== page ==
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tv   Public Affairs Events  CSPAN  November 21, 2016 8:46pm-12:01am EST

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like we have not seen before freaking get the financial services sector that does not drive capital offshore then bring back but that will drive innovation the tech sector as a just came back from the bay area but it is the crown jewel and ready for a the renaissance there is so much going on with america leading the way we will have a wonderful goldman days ahead of us. >> host: former fcc commissioners and the current technology reporter for the "washington post"
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>> the congresswoman from tenth congressional district in florida how did that job prepare you for it as a job of a member of congress quick. >> a 27 year law enforcement officer and chief of police and i have dealt with people in just about every facet. i have seen the results of could government and bad government so i am excited about this opportunity to serve in the special and
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different way. >> water your priorities? what did you campaign on specs. >> national-security even down to a neighbor security is a top priority in is foundational with the american dream. police community relations criminal-justice reform to make sure we keep guns out of the hands of people who should not have them and has nothing to do with the second amendment but the mentally ill criminals or domestic abusers and education is the key to success to make scheerer every child has access to quality education and protecting the men and women who protect us and making sure they can retire with dignity. >> on the gun issue how reducing the orlando shooting impactive the
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debate quick. >> when i was appointed chief crime was that the all time i was when number one priority but removing crime and guns from the street but we looked at the homicides most were committed with firearms the orlando nightclub shooting now has a title to be the deadliest mass shooting. but i really believe it has provided an opportunity just like the others to come together and let's get to work on this issue to better protect those represent. >> and is their momentum for that price. >> thiis a tough conversation because it is underscored by the second amendment right side carry
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one in my possession i get it it has nothing to do with second amendment rights but historic plea be have seen some movement on both sides of the after the nightclub shooting and we are trying to keep that momentum of. >> with police community relations what advice would lead you give to the new head ministration if you could talk to the president-elect? >> no doubt that overwhelming majority of the men and women do it well they risk their lives for strangers everyday we do have issues that need to be addressed and as we continue to hire the by the end -- the brightest and best as we talk about training talk about sensitivity training
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to making it mandatory regardless of what they believe will be better equipped to police more diverse community. >> have you thought about the committee want to serve on quick. >> it is a work in progress but with the safety of our nation, as well as making shirr we keep america moving we have 1 million people who visit central florida every year transportation is a key concern. still working through that process. >> thanks for your time upcoming is the republican from york. >> from new york 19 district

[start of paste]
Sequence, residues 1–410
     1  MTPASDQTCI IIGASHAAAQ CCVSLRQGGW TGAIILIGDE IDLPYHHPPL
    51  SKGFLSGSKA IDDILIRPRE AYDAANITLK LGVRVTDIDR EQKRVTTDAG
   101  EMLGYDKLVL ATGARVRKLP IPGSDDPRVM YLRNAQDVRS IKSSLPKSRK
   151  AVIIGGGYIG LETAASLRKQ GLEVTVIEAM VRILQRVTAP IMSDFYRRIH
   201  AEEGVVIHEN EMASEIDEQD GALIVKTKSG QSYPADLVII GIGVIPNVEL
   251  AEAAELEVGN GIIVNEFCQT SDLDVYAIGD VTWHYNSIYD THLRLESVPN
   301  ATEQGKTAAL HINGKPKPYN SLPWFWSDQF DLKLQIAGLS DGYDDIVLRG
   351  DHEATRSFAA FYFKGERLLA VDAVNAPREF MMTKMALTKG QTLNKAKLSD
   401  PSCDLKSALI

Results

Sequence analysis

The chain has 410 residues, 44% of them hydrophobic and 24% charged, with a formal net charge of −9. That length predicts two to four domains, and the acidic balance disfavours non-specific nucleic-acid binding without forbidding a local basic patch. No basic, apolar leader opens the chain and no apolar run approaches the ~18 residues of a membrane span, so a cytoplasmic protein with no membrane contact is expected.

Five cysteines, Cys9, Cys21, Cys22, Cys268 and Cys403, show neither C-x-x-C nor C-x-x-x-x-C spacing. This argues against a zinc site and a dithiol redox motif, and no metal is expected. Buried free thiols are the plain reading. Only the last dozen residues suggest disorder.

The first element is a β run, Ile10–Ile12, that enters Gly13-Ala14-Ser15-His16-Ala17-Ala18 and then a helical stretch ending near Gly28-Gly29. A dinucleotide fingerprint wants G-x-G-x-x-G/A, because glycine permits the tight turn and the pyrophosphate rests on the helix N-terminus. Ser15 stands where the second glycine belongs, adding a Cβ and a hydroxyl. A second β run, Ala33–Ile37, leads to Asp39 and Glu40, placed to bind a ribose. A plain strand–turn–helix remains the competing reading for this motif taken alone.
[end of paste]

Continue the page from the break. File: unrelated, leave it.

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a republican who won the swing seat. what is it like representing the swing seat likely to be targeted? is a different for you than the other freshmen members that are very safe republican democratic seats greg. >> undoubtedly be approach is probably different than the one party district progress have said all along that not all the wisdom is on the republican side or the democratic side each side brings points one of the reasons that motivated my candidacy i am frustrated with washington and inability to get things done because the left is on ennis' nbc and the right is on fox talking past each other there is no one and democratic republican solution so i bring my own philosophy but to get things
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done we have to work together across partisan lines. i am hopeful that is possible and want to see as croats this economy we have to get more economic growth. often people say they want them to talk more and stop talking hat each other so what is your suggestion as to get to know each other during orientation? >> if we get to know each other is a willingness across party lines. there is a lot of issues with the democratic commissioner or position where like tax reform and makes no sense for the corporations that and bring their profits home to be double taxed taking most agree with that double taxation is not an incentive
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we want the dollars to come home to be invested here. there's a lot of areas on the personal and corporate tax side and obamacare is falling apart under its own ways we need a consensus of what comes next. this is for one to work across party lines. >> 19th district bernie sanders got involved what is the of lesson as they are the leaders are reflecting from a week ago? >> in my district the most important thing is local. i responded and talked about issues that were local oriented. in terms of job growth growth, different areas of the district large part in the watershed area the bluestone mining industry the department of environmental protection you